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Nevada Tribe Hit by Fire Still Waiting on BIA For Assistance
Members of the Fort McDermitt Paiute-Shoshone Tribe of Nevada were hit by a fire three months ago and are still waiting for the Bureau of Indian Affairs (BIA) to provide assistance. The fire destroyed 3,000 acres of reservation land on the Nevada-Oregon border. Reservation members have applied for monetary aid and supplies through the BIA social services, but the agency says first the Red Cross must investigate the applications. A BIA spokeswoman said, "It appears the federal government can do more. I do not know when the Red Cross will go out there." The tribe has been meeting with state officials and members of Congress, including democratic Sentator Harry Reid. Members are also struggling to get firewood and the US service Forest Service has said it's aginst federal law for them to provide free wood. Also pending is the $1,700 bill for drinking water delivered the day of the fire. Tribal members were without water for a week.

Lummis Enlist Fire, an Old Ally, As They Battle Scourge of Drugs
The Lummi nation in Washington state reportedly set a boarded-up house on fire in a community effort to battle rampant drug abuse. The family owning the house agreed to the ceremony. The Seattle Times reports that illegal drugs were sold out of the house. The Lummi nation launched a major anti-drug campaign in 2002 after tragedies related to drug abuse skyrocketed. Tribal members report increasing drug-related prosecutions and establishing more youth treatment facilities and even banishing dealers from the rez. Members say they have returned to the teachings of their ancestors and the power of fire.

AIM Calls for Newspaper Columnist To Be Fired For Criticizing Deloria
The Colorado branch of the American Indian Movement is calling for Rocky Mountain News columnist Vincent Carroll to be fired after words on Vine Deloria Jr, who passed away November 13. The controversy center around the following passage Carroll wrote:

But what the obituaries and tributes have for the most part danced around or ignored is the utterly wacky nature of some of his views. [In a 1996 book] Deloria rejected the Bering land bridge theory of prehistoric migration to the Western Hemisphere since he believed Indians existed here 'at the beginning' - probably as contemporaries of dinosaurs. And this bizarre claim only hints at his contempt for much science. Deloria insisted that we shouldn't sanitize America's past. Fair enough. But let's not sanitize his legacy, either."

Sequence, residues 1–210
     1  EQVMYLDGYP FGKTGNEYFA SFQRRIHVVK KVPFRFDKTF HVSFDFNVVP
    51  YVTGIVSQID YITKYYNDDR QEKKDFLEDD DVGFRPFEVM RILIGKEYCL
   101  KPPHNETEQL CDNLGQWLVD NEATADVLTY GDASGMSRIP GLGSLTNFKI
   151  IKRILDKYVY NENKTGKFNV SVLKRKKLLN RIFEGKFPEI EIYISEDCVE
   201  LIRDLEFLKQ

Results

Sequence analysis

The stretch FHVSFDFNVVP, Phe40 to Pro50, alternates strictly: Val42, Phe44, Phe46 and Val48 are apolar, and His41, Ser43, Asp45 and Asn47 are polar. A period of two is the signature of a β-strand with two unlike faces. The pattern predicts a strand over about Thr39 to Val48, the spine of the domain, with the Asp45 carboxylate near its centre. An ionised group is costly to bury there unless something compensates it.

This was AIM's response:Would you have disrespected Martin Luther King in the same way? No. Would you have disrespected any European-American leader in that manner? No. Recently, you rightfully gave the death of Rosa Parks prominent, multiple day coverage in your paper. Why not for Deloria? Is it because American Indians could not possibly have done anything important enough to merit such coverage? Is it because you and your staff are entirely unaware of Deloria and his contributions? If so, we hope that the racism inherent in such ignorance is obvious to you.A couple dozen AIM members signed the letter.

Supreme Court Nominee Alito Voted to Support Indian's Religious Freedom
Supreme Court nominee Samuel Alito has a miniscule record when it comes to Indian issues, but there is one decision that looks favorable for Indians. A couple of years ago the US court of appeals for the third circuit heard the case of Dennis Blackhawk, a man brought up in a traditional Oglala Lakota home. Pennsylvania officials tried to force Blackhawk to obtain an exotic wildlife dealer permit to keep several black bears. Blackhawk sued, saying that violated his right to religious expression. Blackhawk conducted ceremonies with the bears, as advised by Lakota elders. The court sided with Blackhawk with Alito writing the majority opinion.

Supreme Court Rules State Can Tax Reservation Fuel, Blow Dealt to the Potawatomi Nation
The Supreme Court has ruled that states have the right to tax fuel sold on Indian reservations. A Prairie band Potawatomi attorney called it "an utter failure to give federal protection to tribal sovereignty" In a 7-2 vote, justices ruled that Kansas could tax distributors selling fuel at the Prairie Band Potawatomi tribe's gas station near Topeka. Tribal attorneys argued the Potawatomi tribe already taxes the fuel to pay for reservation roads traveled by tribal members and non-Indians alike. Justices Ruth Bader Ginsburg and Anthony M. Kennedy agreed, saying the fuel is "effectively double-taxed." They also said that forcing the tax could result in the gas station going out of business. The ruling spells bad news for other tribes as well. Sixteen other states that impose a motor fuel tax and have Indian lands within their borders had urged the high court to hear the case. They argued that a restriction on their ability "to tax uniformly throughout the state will inhibit their ability" to fund highway construction and maintenance.

Tex Hall, former leader of the National Congress of American Indians and the current chairman of the Mandan, Hidatsa and Arikara nation blasted the ruling. He said:

"The Supreme Court's ruling today puts Indian tribes into a situation that they were never supposed to be in under the United States Constitution - fighting political battles within the state legislatures to fend off or repeal state laws like Kansas'. If sovereignty means anything, it means that no tribe should have to go hat in hand to the non-Indians of the state they live in and ask for the right to exercise their inherent sovereign powers. Seven of the Justices sitting on the Court don't get this. I think Indian Country is getting fed up with this kind of nonsense, and we are going to have to step up our role in deciding whether or not Samuel Alito is confirmed to the Supreme Court."